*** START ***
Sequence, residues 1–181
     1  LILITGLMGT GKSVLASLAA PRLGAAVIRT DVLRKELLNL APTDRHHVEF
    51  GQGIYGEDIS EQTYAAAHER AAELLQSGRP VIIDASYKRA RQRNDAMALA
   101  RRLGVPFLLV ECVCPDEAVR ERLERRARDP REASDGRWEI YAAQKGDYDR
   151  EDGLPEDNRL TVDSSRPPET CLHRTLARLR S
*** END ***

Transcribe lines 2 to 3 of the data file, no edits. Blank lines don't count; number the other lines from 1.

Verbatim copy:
     1  LILITGLMGT GKSVLASLAA PRLGAAVIRT DVLRKELLNL APTDRHHVEF
    51  GQGIYGEDIS EQTYAAAHER AAELLQSGRP VIIDASYKRA RQRNDAMALA